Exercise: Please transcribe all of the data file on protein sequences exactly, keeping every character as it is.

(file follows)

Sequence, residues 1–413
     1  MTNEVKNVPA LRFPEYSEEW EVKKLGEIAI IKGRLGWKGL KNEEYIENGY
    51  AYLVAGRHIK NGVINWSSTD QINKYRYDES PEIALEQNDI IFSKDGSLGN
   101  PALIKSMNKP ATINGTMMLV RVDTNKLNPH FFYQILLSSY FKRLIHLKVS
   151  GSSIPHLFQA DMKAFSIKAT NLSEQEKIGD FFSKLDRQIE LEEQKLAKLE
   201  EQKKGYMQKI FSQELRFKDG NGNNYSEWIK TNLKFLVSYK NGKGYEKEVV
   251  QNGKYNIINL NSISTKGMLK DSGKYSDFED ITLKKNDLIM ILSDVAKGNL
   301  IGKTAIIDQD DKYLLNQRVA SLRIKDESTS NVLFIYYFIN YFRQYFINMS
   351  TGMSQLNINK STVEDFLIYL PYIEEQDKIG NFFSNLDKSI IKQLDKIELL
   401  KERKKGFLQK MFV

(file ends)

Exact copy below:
Sequence, residues 1–413
     1  MTNEVKNVPA LRFPEYSEEW EVKKLGEIAI IKGRLGWKGL KNEEYIENGY
    51  AYLVAGRHIK NGVINWSSTD QINKYRYDES PEIALEQNDI IFSKDGSLGN
   101  PALIKSMNKP ATINGTMMLV RVDTNKLNPH FFYQILLSSY FKRLIHLKVS
   151  GSSIPHLFQA DMKAFSIKAT NLSEQEKIGD FFSKLDRQIE LEEQKLAKLE
   201  EQKKGYMQKI FSQELRFKDG NGNNYSEWIK TNLKFLVSYK NGKGYEKEVV
   251  QNGKYNIINL NSISTKGMLK DSGKYSDFED ITLKKNDLIM ILSDVAKGNL
   301  IGKTAIIDQD DKYLLNQRVA SLRIKDESTS NVLFIYYFIN YFRQYFINMS
   351  TGMSQLNINK STVEDFLIYL PYIEEQDKIG NFFSNLDKSI IKQLDKIELL
   401  KERKKGFLQK MFV